Results tagged ‘ Reds ’

Tigers acquire Alfredo Simon from Reds

The Tigers have acquired right-hander Alfredo Simon from the Reds in exchange for infielder Eugenio Suarez and Minor League pitcher Jonathon Crawford.

Simon fills the void in the Tigers’ rotation left by the trade of Rick Porcello to Boston for outfielder Yoenis Cespedes. Simon, 33, was 15-10 with a 3.44 ERA over 32 starts in 2014. He had a great first half of the season, going 12-3 with a 2.70 ERA in 18 starts to earn his first All-Star selection.

Crawford, 23, was the 20th overall pick in the 2013 First-Year Player Draft. He spent the 2014 season with Class-A West Michigan, going 8-3 with a 2.85 ERA in 23 starts.

Suarez, 23, made his big league debut this year and played 85 games with Detroit, mainly at shortstop. He can also play third base. Suarez hit .242 with four home runs and 23 RBIs with the Tigers.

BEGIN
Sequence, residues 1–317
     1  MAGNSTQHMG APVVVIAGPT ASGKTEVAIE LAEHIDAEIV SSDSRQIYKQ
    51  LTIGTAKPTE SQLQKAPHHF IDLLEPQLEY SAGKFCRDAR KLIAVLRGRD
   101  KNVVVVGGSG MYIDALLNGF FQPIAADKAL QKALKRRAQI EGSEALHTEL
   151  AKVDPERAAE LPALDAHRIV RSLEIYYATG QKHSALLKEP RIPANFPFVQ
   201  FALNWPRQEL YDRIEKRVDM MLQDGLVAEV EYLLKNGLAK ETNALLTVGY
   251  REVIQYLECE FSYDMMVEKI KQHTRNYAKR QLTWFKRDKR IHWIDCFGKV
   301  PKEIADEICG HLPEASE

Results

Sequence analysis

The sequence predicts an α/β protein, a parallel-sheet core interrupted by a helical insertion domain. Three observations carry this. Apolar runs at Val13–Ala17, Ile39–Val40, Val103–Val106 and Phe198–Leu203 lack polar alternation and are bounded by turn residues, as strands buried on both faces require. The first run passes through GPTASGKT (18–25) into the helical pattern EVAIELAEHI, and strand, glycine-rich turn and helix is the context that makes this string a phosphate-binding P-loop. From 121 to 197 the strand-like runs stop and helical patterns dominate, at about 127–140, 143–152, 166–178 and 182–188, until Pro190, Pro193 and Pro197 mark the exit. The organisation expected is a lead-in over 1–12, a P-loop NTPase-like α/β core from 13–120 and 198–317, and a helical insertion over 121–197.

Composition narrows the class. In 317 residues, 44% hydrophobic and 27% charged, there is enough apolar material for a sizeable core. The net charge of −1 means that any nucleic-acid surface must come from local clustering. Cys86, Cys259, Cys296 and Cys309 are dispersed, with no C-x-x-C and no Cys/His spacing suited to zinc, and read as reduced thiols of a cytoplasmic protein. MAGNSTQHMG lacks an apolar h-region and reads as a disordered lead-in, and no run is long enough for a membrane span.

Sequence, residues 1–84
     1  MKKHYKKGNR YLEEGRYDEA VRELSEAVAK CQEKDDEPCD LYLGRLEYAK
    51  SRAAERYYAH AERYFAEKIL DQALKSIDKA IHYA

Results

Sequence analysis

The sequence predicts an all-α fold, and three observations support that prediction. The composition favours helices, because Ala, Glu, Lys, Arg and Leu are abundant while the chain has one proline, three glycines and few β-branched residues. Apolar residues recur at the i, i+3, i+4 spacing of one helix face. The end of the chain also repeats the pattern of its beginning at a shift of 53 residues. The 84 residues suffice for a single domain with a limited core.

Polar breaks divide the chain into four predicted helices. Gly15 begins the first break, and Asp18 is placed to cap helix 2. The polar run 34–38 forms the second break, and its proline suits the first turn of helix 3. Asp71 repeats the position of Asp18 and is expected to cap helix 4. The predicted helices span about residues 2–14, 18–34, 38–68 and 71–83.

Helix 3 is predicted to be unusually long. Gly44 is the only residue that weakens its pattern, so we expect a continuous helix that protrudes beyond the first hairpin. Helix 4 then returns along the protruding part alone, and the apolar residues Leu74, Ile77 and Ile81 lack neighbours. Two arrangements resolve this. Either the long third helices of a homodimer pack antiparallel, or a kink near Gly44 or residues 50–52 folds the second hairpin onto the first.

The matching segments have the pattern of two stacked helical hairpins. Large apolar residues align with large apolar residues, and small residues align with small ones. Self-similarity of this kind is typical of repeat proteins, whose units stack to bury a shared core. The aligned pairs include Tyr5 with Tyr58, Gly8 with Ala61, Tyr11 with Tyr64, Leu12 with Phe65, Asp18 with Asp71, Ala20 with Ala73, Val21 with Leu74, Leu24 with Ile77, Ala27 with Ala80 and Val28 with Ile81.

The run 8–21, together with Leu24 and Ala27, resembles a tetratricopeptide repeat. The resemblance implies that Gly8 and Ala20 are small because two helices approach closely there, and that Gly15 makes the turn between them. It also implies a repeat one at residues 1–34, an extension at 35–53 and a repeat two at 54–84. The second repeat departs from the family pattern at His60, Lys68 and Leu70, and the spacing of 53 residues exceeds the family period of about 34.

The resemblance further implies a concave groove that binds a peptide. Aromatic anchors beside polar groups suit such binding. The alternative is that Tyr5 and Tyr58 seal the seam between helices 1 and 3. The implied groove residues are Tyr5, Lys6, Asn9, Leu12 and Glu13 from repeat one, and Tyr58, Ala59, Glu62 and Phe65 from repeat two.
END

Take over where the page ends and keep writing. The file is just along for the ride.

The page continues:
“We are excited to be acquiring two players we think will have a positive impact on our organization for years to come,” Reds president of baseball operations Walt Jocketty said in a statement.

–Austin Laymance

Reds deal Latos to Marlins

The Marlins made another big move at the Winter Meetings on Thursday, acquiring right-hander Mat Latos from the Reds in exchange for right-hander Anthony DeSclafani and catching prospect Chad Wallach.

Latos has been dependable when healthy, but is coming off an injury-shortened season in which he made a career-low 16 starts due to right elbow and left knee issues. Still, he’s won 14 games in three of the last five years and pitched over 200 innings in both 2012 and ’13. The 27-year-old will be a free agent after next season.

It’s the second major trade in a many days for Miami. The club completed a seven-player blockbuster with the Dodgers on Wednesday which netted second baseman Dee Gordon, starter Dan Haren and shortstop Miguel Rojas.

As for the Reds, they moved their second starter of the day. The club previously traded Alfredo Simon to the Tigers for pitching prospect Jonathon Crawford, a first-round pick in the 2013 Draft, and infielder Eugenio Suarez.